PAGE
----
The Transnet National Ports Authority (TNPA) says work to transform the Port of Ngqura into a new petroleum trading hub for Southern Africa, is progressing steadily.
According to TNPA, construction on the new Oiltanking Grindrod Calulo (OTGC) tank farm and new main access road is expected to start in January 2018, while fabrication of the tanks and optional LPG Bullets is scheduled to start in April 2018.
The critical design work associated with the new tank farm infrastructure has been completed and the ports authority has constructed a new access road from the N2 highway to the 20-hectare site where OTGC will be constructing the new tank farm.
Transnet says a new port entrance plaza and pipeline servitude will also be constructed that will form the link between the new tank farm and the port of Ngqura. Tenders would be issued in January 2018 for the tank farm bulk earth works package and the main access road construction package to Berth B100.
Cleaning up port facilities
“These developments signal progress in TNPA’s plans to clean up terminal facilities and free up land in the Port of Port Elizabeth for future commercial and tourism development, while enabling Ngqura to play a vital role in securing South Africa’s future fuel supply,” says TNPA Chief Executive, Shulami Qalinge.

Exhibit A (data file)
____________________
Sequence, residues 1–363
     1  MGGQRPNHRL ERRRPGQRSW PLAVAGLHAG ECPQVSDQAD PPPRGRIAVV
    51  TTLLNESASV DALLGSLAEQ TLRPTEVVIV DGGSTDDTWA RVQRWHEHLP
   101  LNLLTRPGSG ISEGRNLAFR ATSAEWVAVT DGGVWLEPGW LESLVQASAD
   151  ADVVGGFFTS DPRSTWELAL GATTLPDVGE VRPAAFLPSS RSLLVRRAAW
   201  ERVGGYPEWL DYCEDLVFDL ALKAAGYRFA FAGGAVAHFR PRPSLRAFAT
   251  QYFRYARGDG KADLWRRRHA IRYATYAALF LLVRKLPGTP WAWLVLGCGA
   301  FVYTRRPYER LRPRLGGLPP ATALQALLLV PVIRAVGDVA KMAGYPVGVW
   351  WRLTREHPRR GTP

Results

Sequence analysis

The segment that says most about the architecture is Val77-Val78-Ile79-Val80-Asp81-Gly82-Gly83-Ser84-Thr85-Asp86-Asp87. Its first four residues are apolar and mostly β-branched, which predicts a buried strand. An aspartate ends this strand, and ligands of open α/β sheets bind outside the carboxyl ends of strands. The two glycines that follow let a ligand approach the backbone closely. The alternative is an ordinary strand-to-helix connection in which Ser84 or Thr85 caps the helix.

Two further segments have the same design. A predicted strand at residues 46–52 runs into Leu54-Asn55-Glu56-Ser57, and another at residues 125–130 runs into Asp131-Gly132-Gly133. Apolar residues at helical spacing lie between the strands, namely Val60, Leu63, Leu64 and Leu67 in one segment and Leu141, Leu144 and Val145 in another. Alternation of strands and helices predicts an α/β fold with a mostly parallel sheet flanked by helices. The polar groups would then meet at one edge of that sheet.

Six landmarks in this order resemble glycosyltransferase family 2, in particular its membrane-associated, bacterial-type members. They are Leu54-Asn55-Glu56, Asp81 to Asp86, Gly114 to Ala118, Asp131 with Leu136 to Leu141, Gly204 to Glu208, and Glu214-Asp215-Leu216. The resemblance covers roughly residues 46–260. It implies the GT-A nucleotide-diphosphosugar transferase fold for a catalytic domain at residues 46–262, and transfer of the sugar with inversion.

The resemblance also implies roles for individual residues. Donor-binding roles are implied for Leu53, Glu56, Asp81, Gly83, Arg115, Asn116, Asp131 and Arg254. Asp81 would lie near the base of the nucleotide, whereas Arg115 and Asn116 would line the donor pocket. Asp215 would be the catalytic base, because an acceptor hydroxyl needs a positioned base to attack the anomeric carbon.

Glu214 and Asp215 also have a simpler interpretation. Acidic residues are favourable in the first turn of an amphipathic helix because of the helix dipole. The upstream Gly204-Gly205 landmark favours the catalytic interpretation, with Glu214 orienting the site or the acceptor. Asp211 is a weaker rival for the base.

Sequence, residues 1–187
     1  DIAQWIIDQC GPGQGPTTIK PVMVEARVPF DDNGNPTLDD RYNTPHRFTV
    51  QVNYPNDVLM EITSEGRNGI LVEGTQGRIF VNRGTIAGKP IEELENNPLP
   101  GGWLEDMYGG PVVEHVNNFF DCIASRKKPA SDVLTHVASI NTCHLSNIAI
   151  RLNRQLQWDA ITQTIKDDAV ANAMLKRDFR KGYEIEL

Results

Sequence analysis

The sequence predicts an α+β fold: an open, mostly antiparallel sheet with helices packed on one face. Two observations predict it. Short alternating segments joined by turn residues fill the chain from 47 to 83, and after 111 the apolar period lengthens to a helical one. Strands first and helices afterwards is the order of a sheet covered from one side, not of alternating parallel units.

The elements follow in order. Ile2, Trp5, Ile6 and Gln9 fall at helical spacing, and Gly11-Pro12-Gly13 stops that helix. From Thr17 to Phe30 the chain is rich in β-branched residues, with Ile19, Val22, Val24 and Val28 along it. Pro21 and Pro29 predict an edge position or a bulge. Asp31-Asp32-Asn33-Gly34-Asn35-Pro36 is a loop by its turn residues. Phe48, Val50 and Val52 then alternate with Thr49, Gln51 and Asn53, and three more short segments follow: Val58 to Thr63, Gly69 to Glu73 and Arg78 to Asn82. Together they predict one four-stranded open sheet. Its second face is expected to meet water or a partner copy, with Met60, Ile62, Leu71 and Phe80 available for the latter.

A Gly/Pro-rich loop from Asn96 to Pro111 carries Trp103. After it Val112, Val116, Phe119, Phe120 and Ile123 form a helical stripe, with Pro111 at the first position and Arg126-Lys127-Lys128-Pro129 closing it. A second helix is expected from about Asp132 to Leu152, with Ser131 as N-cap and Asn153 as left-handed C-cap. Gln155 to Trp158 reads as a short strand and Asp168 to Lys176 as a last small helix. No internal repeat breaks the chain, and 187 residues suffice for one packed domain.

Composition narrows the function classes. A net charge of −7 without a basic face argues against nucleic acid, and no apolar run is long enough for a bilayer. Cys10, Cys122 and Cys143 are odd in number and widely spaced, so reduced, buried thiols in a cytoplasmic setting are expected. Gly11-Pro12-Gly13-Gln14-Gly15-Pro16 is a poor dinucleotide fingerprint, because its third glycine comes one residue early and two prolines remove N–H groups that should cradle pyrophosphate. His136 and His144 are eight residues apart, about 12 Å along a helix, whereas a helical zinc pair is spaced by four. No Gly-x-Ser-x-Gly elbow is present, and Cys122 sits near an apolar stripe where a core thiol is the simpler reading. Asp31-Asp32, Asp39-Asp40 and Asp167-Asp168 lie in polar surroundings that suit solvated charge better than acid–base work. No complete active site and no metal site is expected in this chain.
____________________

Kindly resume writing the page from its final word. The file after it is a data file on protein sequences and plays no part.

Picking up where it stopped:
Earlier this year TNPA concluded an agreement with OTGC to plan, fund, construct, own, maintain and operate the new facility.
The ports authority is required to provide port infrastructure for the liquid bulk terminal to commence operations at the end of 2019. Liquid bulk capacity will be increased from two million tons per annum for the immediate hinterland to three million tons per annum once the new liquid bulk terminal is operational.
Significant investments in tank storage infrastructure
Transnet says the new storage facilities and marine infrastructure at Ngqura will help support South Africa’s overall petroleum demand projections, which call for significant investments in tank storage infrastructure.
Phase 1 of the liquid bulk facility will provide approximately 155 000 cbm of storage capacity for refined petroleum products and a maximum of 718 600 cbm by the end of Phase 2 depending on customer commercial requirements.
The new terminal will replace the tanks currently in use in the Port of Port Elizabeth, which will be decommissioned and the land redeveloped. According to TNPA the new modern facility will service the oil majors, new entrants into the South African oil industry as well as international traders – all supporting the local shipping industry.